Schmul Park Pollinator Garden
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When was the Pollinator garden planted, and by who?
In Fall 2020, a new pollinator garden was planted at Schmul Park in the Travis neighborhood of Staten Island. Schmul Park is also soon to become a neighborhood entrance to the 22 acre North Park Phase 1 which is under construction and scheduled to be complete in 2022. The garden project took two days to complete with the help of over 30 volunteers: one day was needed to remove the invasive plants and one day was needed to plant the new native species. An energetic collective of NYC Department of Parks and Recreation staff, CSI Verrazano honors students, Travis community residents, and Freshkills Park supporters teamed up to remove over 20 bags of invasive species and plant 105 native species by the handball courts. For more updates on North Park, click here. Back to Top
Where did the Native Species come from?
The Greenbelt Native Plant Center (GNPC), less than a mile from Freshkills Park, supplied over 100 native species for the planting project at Schmul Park. Some of the grasses at Freshkills Park also came from the GNPC seed bank. The GNPC is the largest municipal native plant center in the United States and their mission is to preserve and provide native plants and seeds to support the restoration of natural areas. Back to Top
Pollinator Garden FAQS
What is a Pollinator Garden?
Pollinator gardens also go by the name of biodiversity gardens. These gardens are designed to be ecologically beneficial to pollinators and wildlife by including plant species native to the area. NYC Department of Parks and Recreation criteria require that a pollinator garden contain at least 60% species native to the New York City Region. Thirty percent should be native to the Northeast region, and can include native cultivars, known as “nativars”. In the simplest terms, a nativar is a cultivated plant that originated from a native species. Nativars, while easier to maintain, do not have all of the characteristics of the native plant and so do not necessarily provide the same ecological benefits. The remaining 10% of the plantings can be non-native and must be non-invasive. Back to Top
What are Native Species ?
A native plant is a plant that occurs naturally in a particular region or ecosystem without direct or indirect human intervention. Typically plant species found in North America prior to European settlement are considered native species. Back to Top
What are Invasive Species ?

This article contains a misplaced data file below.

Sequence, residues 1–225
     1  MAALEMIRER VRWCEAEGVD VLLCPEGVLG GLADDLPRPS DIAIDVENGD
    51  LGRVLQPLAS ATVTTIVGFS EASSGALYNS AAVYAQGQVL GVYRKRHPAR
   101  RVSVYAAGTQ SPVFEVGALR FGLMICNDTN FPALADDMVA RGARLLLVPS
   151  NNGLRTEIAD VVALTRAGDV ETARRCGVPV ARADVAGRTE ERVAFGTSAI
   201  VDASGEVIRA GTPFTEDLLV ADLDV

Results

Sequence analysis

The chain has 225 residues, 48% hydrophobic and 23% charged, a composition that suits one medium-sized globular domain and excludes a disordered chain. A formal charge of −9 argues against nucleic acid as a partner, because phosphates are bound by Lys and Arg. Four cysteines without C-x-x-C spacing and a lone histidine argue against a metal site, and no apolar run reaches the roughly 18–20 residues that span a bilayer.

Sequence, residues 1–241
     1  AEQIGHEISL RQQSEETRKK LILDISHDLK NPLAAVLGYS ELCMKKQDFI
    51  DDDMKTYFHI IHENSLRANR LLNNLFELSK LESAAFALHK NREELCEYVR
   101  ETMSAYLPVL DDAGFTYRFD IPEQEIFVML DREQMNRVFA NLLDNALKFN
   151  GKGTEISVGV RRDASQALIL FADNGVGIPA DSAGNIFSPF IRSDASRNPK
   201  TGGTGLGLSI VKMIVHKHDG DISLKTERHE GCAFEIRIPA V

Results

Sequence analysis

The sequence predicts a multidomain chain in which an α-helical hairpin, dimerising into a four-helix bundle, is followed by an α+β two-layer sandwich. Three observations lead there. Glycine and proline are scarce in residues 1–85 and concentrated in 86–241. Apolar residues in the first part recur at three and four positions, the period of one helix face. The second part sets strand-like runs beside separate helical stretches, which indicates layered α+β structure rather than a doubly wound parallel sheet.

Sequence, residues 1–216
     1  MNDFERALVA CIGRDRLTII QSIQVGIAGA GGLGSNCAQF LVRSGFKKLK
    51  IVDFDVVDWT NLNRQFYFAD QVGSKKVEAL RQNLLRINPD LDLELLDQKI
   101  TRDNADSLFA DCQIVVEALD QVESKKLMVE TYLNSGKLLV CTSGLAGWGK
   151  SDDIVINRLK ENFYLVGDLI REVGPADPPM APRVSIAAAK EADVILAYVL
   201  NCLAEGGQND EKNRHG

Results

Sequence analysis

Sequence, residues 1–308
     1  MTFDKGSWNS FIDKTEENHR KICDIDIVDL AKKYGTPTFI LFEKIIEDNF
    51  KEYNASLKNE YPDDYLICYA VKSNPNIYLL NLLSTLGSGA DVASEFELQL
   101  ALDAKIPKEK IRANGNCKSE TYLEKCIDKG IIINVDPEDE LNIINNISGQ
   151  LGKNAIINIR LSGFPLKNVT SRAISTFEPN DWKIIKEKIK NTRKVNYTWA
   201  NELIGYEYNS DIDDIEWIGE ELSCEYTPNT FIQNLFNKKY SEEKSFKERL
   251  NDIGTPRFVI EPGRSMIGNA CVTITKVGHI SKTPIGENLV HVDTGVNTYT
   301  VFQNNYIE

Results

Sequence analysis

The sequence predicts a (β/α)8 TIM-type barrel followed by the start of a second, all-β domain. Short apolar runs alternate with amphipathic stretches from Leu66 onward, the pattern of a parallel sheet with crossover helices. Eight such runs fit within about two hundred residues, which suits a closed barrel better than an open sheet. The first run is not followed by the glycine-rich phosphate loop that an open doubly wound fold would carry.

Invasive species are a major threat to native plant biodiversity. An invasive species can either be a plant or animal, that grows aggressively, spreads, and displaces other species. Many invasive species are exotic or nonnative species that were either intentionally or accidentally introduced from outside of North America. An invasive plant that colonizes a new area may gain an ecological edge since the native insects, diseases, and foraging animals do not keep their growth in check. Sometimes, invasive plants can become host plants or food for invasive wildlife, like the Spotted Lanternfly. Back to Top
Why are Native Species so Important?
Since native species have evolved in a particular region over thousands of years, they have adapted to the local soils and climate, and are more likely to thrive with minimal care than exotic species. This means that they require less water, and very limited pest control or fertilizers. Native species are also essential to a healthy ecosystem and support local biodiversity. Everything from the shape and structure of the flowers to the chemical content of the leaves is tailored to the feeding habits of native insects, birds, and animals. Back to Top
Why Plant Native Species over Ornamental Species?
In contrast to native species, ornamental species require more work to maintain and the insecticides and fertilizers necessary for their health can cause pollution. Ornamental species have been bred for desirable garden traits, like extended bloom and extra petals, and as a result, the ecological function of the plant is often lost. For example, double flowers (ornamental species cultivated to have more petals) which stay open longer, are often sterile or produce less food for pollinators. The mutation that creates extra petals comes at the cost of pollen-producing stamens. Further, those extra petals do not have pollinators in mind and they make any available nectar difficult or impossible for pollinators to access. According to Environmental Entomology, ornamental flowers only attract generalist (less picky) pollinators and not specialist (native) pollinators. Both generalist and specialist pollinators make up a sustainable pollinator community. Back to Top
Flora + Fauna
What has been planted at the Schmul Park Pollinator Garden?
- Black Highbush Blueberry ( Vaccinium Fuscaturn)
- Purple Lovegrass (Eragrostis spectabilis)
- Nantucket juneberry (Amelanchier Nantucketensis)
- White Snakeroot (Ageratina altissima)
- Orange Butterfly Weed (Asclepias tuberosa)
- Wild Geranium (Geranium maculatum)
- Evening Primrose (Oenothera biennis)
- Common Milkweed (Asclepias syriaca)
- Wild Violet (Viola sororia)
What pollinators and insects have been observed at the pollinator garden?
- Monarch Butterfly (Danaus plexippus)
- Nearctic Blue Mud-dauber Wasp (Chalybion californicum)
- Asian Lady Beetle (Harmonia axyridis)
- Gray Hairstreak (Strymon melinus)
- Common Eastern Bumblebee (bombus impatiens)
- Cabbage White (Pieris rapae)
- Hover flies (syrphidae)
- Western Honey Bee (apis mellifera)
- Seven-spotted Lady Beetle (Coccinella septempunctata)
- Narrow-headed Marsh Fly (Helophilus fasciatus)
Upcoming Volunteer Opportunities
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